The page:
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in this thread I refer to my last thread Convert XML to CSV using XSLT - dynamic columns.

The XSLT script in the refered thread works fine but with a large xml document the performance is not good. Now I want to write a XSLT script that outputs another XSLT script which will output the final CSV file.

My question now is, how to write the first XSLT script. The output should look like the following:

<xsl:stylesheet version="1.0" xmlns:xsl="http://www.w3.org/1999/XSL/Transform">
<xsl:output method="xml" indent="yes"/>

<xsl:template match="/*">
    <xsl:text>Name;</xsl:text>
    <xsl:text>Brother;</xsl:text>
    <xsl:text>Sister</xsl:text>
    <-- this part is dynamic -->
    <xsl:apply-templates select="Person" />
</xsl:template>

<xsl:template match="Person">
    <xsl:value-of select="Name" />
    <xsl:value-of select="Brother" />
    <xsl:value-of select="Sister" />
    <-- this part is dynamic too -->
    <xsl:text>&#10;</xsl:text>
</xsl:template>
</xsl:stylesheet>

The input XML file is the same like in the refered thread:

<Person>
    <Name>John</Name>
    <FamilyMembers>
        <FamilyMember>
            <Name>Lisa</Name>
            <Type>Sister</Type>
        </FamilyMember>
        <FamilyMember>
            <Name>Tom</Name>
            <Type>Brother</Type>
        </FamilyMember>
    </FamilyMembers>
</Person>
<Person>
    <Name>Daniel</Name>
    <FamilyMembers>
        <FamilyMember>
            <Name>Peter</Name>
            <Type>Father</Type>
        </FamilyMember>
    </FamilyMembers>
</Person>

So for every different Type element there should be one line like:

<xsl:text>Type;</xsl:text>

in the resulting XSLT script.

Maybe some of you have a good advice for me. Thank you in advanced!

André

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Actually you don't need a two-external-phase solution. All you need to do is improve the at-scale efficiency of Tim's solution. The real question you should be asking is how to optimise at scale. –  Sean B. Durkin Nov 20 '12 at 12:43
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3 Answers

up vote 1 down vote accepted

To write one XSLT that outputs another you either need to generate the output elements using <xsl:element>, e.g.

<xsl:element name="xsl:text">

or use <xsl:namespace-alias> if you want to use literal result elements. The XSLT spec has an example:

<xsl:stylesheet
  version="1.0"
  xmlns:xsl="http://www.w3.org/1999/XSL/Transform"
  xmlns:fo="http://www.w3.org/1999/XSL/Format"
  xmlns:axsl="http://www.w3.org/1999/XSL/TransformAlias">

<xsl:namespace-alias stylesheet-prefix="axsl" result-prefix="xsl"/>

<xsl:template match="/">
  <axsl:stylesheet>
    <xsl:apply-templates/>
  </axsl:stylesheet>
</xsl:template>

Any <axsl:...> elements in the stylesheet will become <xsl:...> in the output.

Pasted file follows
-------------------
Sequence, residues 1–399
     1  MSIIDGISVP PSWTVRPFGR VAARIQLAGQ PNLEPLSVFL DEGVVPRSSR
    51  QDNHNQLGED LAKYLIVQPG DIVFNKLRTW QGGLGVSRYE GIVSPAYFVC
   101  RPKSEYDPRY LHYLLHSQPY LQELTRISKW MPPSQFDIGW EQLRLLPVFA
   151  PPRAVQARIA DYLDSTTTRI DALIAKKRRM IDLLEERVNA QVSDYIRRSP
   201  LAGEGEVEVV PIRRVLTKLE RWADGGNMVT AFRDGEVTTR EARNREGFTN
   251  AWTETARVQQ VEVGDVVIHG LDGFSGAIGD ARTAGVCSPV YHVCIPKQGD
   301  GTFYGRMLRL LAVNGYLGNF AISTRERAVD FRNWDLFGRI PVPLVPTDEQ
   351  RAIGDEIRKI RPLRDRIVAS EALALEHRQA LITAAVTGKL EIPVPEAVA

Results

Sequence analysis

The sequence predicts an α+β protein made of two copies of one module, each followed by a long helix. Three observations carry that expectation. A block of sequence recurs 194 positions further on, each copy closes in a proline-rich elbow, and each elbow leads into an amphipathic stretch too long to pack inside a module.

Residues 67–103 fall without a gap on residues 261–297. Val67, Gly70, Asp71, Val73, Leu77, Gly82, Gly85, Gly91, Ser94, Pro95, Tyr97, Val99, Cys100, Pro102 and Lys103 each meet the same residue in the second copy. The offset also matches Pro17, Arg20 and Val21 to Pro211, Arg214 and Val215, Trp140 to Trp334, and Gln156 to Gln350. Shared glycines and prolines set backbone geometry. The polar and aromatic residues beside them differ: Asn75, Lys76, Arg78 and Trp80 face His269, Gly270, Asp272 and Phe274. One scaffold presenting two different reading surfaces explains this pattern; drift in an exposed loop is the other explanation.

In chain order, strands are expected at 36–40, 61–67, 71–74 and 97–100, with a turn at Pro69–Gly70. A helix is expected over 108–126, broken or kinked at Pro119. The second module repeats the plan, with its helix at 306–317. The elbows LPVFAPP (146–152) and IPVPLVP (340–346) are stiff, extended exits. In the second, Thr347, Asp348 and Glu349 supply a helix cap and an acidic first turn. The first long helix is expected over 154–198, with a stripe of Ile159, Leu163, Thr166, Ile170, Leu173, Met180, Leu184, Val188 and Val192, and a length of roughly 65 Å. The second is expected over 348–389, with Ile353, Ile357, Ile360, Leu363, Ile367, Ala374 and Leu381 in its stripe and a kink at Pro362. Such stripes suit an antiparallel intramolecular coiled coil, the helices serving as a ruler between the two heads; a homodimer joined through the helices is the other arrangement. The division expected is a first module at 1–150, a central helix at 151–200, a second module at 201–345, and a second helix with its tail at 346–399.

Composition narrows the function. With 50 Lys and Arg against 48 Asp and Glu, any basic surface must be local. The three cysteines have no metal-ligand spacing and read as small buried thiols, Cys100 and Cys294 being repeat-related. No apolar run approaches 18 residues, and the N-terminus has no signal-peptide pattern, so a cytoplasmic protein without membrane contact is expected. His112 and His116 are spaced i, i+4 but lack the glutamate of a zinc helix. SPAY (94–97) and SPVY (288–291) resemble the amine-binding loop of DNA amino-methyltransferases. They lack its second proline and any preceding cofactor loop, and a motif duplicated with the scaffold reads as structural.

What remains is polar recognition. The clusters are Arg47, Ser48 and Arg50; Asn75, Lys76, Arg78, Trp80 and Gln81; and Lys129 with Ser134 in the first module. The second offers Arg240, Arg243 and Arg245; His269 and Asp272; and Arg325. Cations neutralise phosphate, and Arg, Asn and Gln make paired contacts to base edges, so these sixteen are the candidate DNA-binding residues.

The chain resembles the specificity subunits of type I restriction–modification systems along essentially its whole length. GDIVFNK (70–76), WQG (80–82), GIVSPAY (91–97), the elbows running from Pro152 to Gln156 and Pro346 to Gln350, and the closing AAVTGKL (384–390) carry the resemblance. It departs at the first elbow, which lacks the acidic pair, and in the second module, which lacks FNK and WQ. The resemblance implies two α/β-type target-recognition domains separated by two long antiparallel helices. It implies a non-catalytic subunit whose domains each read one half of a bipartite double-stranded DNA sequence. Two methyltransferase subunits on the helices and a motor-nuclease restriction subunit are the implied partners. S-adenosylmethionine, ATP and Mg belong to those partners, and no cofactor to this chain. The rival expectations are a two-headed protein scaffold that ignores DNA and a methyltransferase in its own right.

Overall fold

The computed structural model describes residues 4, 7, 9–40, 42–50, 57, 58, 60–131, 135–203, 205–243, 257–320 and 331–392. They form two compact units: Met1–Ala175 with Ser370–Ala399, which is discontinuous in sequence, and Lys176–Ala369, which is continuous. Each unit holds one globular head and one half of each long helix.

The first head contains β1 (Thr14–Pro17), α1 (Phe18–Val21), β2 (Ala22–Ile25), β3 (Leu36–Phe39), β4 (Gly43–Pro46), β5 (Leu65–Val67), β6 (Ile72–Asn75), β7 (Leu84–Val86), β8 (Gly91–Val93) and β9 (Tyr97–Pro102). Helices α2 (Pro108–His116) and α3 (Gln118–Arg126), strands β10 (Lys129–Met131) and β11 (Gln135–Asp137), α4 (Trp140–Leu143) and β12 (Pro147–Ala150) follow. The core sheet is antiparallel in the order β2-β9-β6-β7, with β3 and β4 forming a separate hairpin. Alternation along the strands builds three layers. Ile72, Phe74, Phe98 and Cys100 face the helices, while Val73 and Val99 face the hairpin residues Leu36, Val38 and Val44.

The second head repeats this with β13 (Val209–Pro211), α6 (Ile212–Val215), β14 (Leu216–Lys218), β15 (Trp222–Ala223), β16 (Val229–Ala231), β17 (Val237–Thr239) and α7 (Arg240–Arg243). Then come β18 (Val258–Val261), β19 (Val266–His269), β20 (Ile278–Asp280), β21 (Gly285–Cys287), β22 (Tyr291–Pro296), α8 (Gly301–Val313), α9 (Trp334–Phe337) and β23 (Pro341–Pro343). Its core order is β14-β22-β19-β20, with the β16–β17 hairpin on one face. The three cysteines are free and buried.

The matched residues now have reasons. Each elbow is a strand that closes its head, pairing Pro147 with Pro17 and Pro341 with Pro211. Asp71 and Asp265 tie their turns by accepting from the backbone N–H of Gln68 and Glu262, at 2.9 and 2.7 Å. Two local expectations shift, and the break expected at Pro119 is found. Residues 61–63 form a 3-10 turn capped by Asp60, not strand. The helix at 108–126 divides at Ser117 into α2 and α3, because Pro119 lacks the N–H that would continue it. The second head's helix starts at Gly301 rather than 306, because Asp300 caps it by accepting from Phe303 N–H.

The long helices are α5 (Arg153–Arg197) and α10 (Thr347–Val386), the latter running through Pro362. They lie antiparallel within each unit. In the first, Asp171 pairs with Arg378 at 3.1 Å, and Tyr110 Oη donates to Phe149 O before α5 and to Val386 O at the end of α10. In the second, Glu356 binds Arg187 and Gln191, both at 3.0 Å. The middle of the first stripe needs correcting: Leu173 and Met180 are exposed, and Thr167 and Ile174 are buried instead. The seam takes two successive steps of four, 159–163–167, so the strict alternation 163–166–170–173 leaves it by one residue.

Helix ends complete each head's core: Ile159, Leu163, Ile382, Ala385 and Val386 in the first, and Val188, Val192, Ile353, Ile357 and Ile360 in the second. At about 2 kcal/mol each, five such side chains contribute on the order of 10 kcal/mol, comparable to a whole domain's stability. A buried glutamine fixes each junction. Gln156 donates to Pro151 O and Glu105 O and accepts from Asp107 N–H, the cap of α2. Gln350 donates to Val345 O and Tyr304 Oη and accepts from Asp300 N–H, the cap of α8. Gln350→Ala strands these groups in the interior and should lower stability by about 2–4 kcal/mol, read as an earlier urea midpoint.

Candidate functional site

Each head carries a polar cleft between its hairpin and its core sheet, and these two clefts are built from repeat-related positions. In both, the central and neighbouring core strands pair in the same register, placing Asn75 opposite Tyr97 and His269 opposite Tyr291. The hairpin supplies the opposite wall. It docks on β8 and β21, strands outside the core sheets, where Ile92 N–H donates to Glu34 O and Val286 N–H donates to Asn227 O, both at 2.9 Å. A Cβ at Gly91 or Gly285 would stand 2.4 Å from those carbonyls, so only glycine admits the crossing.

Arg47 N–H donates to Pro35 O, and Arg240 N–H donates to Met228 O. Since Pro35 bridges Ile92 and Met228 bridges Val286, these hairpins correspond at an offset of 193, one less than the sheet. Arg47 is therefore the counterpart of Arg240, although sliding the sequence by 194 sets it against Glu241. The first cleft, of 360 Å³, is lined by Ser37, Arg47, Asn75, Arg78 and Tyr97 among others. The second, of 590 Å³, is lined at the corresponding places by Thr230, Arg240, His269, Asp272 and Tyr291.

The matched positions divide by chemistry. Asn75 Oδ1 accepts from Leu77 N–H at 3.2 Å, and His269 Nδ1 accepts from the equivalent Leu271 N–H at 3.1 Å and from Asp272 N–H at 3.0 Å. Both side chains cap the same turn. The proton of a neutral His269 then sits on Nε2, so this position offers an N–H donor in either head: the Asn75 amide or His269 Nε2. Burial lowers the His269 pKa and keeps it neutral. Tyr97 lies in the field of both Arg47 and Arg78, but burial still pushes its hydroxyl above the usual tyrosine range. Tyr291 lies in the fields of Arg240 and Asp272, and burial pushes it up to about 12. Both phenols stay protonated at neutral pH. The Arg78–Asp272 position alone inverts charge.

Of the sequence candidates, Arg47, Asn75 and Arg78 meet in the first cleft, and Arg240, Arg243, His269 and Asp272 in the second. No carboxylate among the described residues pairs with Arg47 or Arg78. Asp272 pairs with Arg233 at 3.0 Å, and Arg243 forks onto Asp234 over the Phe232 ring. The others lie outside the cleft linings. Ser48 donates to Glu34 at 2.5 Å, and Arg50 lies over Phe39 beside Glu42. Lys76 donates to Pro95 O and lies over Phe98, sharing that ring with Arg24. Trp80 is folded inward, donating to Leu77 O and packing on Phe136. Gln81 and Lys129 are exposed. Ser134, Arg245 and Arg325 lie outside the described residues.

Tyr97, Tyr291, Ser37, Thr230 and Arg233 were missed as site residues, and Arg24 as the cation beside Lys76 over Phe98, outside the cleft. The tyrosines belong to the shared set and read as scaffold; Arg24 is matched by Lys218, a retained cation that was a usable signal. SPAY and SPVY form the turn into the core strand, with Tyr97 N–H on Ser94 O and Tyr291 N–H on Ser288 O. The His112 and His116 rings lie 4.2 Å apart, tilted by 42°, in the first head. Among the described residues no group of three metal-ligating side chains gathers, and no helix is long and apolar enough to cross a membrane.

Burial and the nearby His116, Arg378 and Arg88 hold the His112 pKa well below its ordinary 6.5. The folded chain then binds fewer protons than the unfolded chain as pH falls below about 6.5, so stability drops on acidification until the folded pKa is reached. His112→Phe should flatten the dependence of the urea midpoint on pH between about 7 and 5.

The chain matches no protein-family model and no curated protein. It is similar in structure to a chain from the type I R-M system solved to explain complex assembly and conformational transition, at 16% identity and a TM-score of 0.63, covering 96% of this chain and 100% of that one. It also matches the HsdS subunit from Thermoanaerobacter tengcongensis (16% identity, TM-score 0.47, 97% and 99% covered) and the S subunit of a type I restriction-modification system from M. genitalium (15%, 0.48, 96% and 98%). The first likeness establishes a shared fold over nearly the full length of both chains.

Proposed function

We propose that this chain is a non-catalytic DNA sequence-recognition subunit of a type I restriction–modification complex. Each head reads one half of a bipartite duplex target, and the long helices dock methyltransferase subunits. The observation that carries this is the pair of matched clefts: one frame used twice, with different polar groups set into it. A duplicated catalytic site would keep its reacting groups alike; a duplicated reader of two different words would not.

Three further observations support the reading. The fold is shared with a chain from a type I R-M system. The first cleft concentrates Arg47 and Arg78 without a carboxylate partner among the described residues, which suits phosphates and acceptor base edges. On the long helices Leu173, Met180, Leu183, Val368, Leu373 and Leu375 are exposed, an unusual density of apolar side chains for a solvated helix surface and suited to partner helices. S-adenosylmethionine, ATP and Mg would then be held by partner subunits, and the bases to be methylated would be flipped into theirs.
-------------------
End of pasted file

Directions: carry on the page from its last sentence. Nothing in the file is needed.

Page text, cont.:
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Your solution fits best to my question. The use of axsl is my actual way. I will test the solution of Sean later. –  Andre Nov 21 '12 at 9:09
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Rather than a two-external-phase solution (meaning a style-sheet that writes a style-sheet that gets executed), I think you would be better served by a version of Tim's solution that performs better at scale. Please measure the performance of this solution with your 'large XML document' as input.

This XSLT 1.0 style-sheet...

<xsl:stylesheet version="1.0" xmlns:xsl="http://www.w3.org/1999/XSL/Transform">
<xsl:output method="text" />

<xsl:key name="kTypes" match="Type" use="." />  
<xsl:variable name="distinct-types"
  select="/*/Person/FamilyMembers/FamilyMember/Type[
  generate-id()=generate-id(key('kTypes',.)[1])]" />

<xsl:template match="/">
  <xsl:value-of select="'Name;'" />
  <xsl:for-each select="$distinct-types">
    <xsl:value-of select="." />
    <xsl:if test="position() &lt; last()">
      <xsl:value-of select="';'" />
    </xsl:if>  
  </xsl:for-each>
  <xsl:value-of select="'&#x0A;'" />
  <xsl:apply-templates select="*/Person" />
</xsl:template>

<xsl:template match="Person">
  <xsl:value-of select="concat(Name,';')" />
  <xsl:variable name="family" select="FamilyMembers/FamilyMember" />
  <xsl:for-each select="$distinct-types">
    <xsl:variable name="type" select="string(.)" />
    <xsl:value-of select="$family/self::*[Type=$type]/Name" />
    <xsl:if test="position() &lt; last()">
      <xsl:value-of select="';'" />
    </xsl:if>  
  </xsl:for-each>
  <xsl:value-of select="'&#x0A;'" />
</xsl:template>

</xsl:stylesheet>

...will transform this input (or others efficiently at scale) ...

<t>
<Person>
    <Name>John</Name>
    <FamilyMembers>
        <FamilyMember>
            <Name>Lisa</Name>
            <Type>Sister</Type>
        </FamilyMember>
        <FamilyMember>
            <Name>Tom</Name>
            <Type>Brother</Type>
        </FamilyMember>
    </FamilyMembers>
</Person>
<Person>
    <Name>Daniel</Name>
    <FamilyMembers>
        <FamilyMember>
            <Name>Peter</Name>
            <Type>Father</Type>
        </FamilyMember>
    </FamilyMembers>
</Person>
</t>

... and yield text...

Name;Sister;Brother;Father
John;Lisa;Tom;
Daniel;;;Peter
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I will do test it and give feedback. Could be take some time. –  Andre Nov 21 '12 at 7:35
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See an actual example of an XSLT transformation that produces a stylesheet for another XSLT transformation here:

http://dnovatchev.wordpress.com/2006/10/21/a-stylesheet-to-write-xslt-code/

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